ELRA is happy to convey
the Press Release below on the creation of the new Resource Management Agency (RMA).
On November 28, 2012, the RMA was officially launched in Pretoria, South Africa.
Khalid Choukri, Secretary General of the European Language Resources Association, attended this event as an invited speaker. During his speech, after giving an extensive view on ELRA’s activities, he elaborated on the potential cooperation and support-services for a fruitful cooperation with RMA, bringing ELRA’s endorsement to this new initiative.
Giant technological leap for official South African languages
South Africa now boasts its very own Resource Management Agency (RMA) for the management and distribution of reusable digital text and speech resources for all of the country’s official languages. These resources are crucial for research and development in the domain of human language technologies (HLT) for application to local languages.
Examples of HLT applications are:
- automated telephone information systems,
- GPS systems,
- spelling and grammar checkers,
- machine translation systems that function in various South African languages, etc.
These types of applications are increasingly being used on mobile devices, giving South Africans unprecedented access to information and services in local languages.
The Department of Arts and Culture’s National Centre for Human Language Technologies is funding this exciting initiative, which is in line with similar global initiatives. The Centre for Text Technology (CTexT®) of the North-West University (Potchefstroom Campus) has been appointed to establish the RMA, and to distribute reusable text and speech resources from this one central point.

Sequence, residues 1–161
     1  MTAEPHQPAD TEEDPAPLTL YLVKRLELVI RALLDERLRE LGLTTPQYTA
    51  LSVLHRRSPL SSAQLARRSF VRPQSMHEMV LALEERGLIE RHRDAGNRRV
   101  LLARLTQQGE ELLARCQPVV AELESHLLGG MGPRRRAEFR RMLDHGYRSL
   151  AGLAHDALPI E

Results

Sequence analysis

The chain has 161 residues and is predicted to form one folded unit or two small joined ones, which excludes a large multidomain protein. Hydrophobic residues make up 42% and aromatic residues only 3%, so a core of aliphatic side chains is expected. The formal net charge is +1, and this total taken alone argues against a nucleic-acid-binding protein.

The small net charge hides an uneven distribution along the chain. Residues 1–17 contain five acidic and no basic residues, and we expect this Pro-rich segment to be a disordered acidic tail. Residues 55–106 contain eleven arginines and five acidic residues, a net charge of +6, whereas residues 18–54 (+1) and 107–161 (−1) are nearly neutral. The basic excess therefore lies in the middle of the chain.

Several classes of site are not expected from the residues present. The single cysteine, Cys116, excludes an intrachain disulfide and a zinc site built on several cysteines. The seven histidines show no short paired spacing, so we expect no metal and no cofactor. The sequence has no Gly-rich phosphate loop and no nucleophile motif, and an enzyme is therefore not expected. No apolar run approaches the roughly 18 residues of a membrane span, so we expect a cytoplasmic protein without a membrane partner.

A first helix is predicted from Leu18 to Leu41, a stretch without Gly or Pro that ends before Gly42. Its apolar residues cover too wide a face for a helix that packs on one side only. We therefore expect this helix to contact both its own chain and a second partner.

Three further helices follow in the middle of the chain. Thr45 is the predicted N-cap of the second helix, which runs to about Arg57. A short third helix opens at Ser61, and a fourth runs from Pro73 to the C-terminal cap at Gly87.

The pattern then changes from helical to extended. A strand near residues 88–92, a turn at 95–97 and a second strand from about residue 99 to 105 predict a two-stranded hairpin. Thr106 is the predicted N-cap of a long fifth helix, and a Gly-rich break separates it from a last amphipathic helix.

Prof Justus Roux of the North-West University offers the following regarding the RMA: “South Africa and India are the only countries in the world that have a specific strategy for developing language technologies intended to facilitate communication between language groups in their respective societies. The founding of the RMA is the realisation of a long-awaited ideal of academics, language practitioners and developers alike to empower local languages for use in modern communication systems.”
According to Ms Ulrike Janke, Director of Human Language Technologies at the department, “The Department of Arts and Culture has invested significantly in HLT over the last decade in an effort to stimulate activity and promote advances that may benefit our marginalised languages. Were it not for our implementation agencies, however, the return on investment would not have been so impressive. They are passionate about HLT and its potential and therefore continue to do their best to help us succeed in our strategy. We are thankful for productive partnerships such as this one with the North-West University.”
Broad categories of data relevant to the RMA include text, speech, language-related video, multimodal resources (such as sign language), as well as pathological and forensic language data. Visit www.rma.nwu.ac.za for more information.
Contact details: Centre for Text Technology (CTexT®) North-West University www.rma.nwu.ac.za +27 18 299 1541